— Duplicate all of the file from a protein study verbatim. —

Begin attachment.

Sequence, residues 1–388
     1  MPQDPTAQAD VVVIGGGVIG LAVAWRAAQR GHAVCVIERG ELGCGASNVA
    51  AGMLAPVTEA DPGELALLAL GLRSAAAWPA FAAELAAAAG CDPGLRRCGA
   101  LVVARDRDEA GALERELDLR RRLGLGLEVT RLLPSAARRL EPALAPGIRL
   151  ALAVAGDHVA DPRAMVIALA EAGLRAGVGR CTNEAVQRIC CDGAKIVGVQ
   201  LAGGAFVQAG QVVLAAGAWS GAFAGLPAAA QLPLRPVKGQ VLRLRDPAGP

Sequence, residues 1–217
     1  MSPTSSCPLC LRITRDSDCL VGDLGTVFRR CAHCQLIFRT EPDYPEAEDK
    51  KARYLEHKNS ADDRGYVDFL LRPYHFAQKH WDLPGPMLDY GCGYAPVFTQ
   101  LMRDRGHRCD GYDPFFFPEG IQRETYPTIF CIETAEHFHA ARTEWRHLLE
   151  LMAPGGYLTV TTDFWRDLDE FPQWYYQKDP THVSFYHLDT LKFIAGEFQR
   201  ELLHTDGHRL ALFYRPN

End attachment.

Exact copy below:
Sequence, residues 1–388
     1  MPQDPTAQAD VVVIGGGVIG LAVAWRAAQR GHAVCVIERG ELGCGASNVA
    51  AGMLAPVTEA DPGELALLAL GLRSAAAWPA FAAELAAAAG CDPGLRRCGA
   101  LVVARDRDEA GALERELDLR RRLGLGLEVT RLLPSAARRL EPALAPGIRL
   151  ALAVAGDHVA DPRAMVIALA EAGLRAGVGR CTNEAVQRIC CDGAKIVGVQ
   201  LAGGAFVQAG QVVLAAGAWS GAFAGLPAAA QLPLRPVKGQ VLRLRDPAGP

Sequence, residues 1–217
     1  MSPTSSCPLC LRITRDSDCL VGDLGTVFRR CAHCQLIFRT EPDYPEAEDK
    51  KARYLEHKNS ADDRGYVDFL LRPYHFAQKH WDLPGPMLDY GCGYAPVFTQ
   101  LMRDRGHRCD GYDPFFFPEG IQRETYPTIF CIETAEHFHA ARTEWRHLLE
   151  LMAPGGYLTV TTDFWRDLDE FPQWYYQKDP THVSFYHLDT LKFIAGEFQR
   201  ELLHTDGHRL ALFYRPN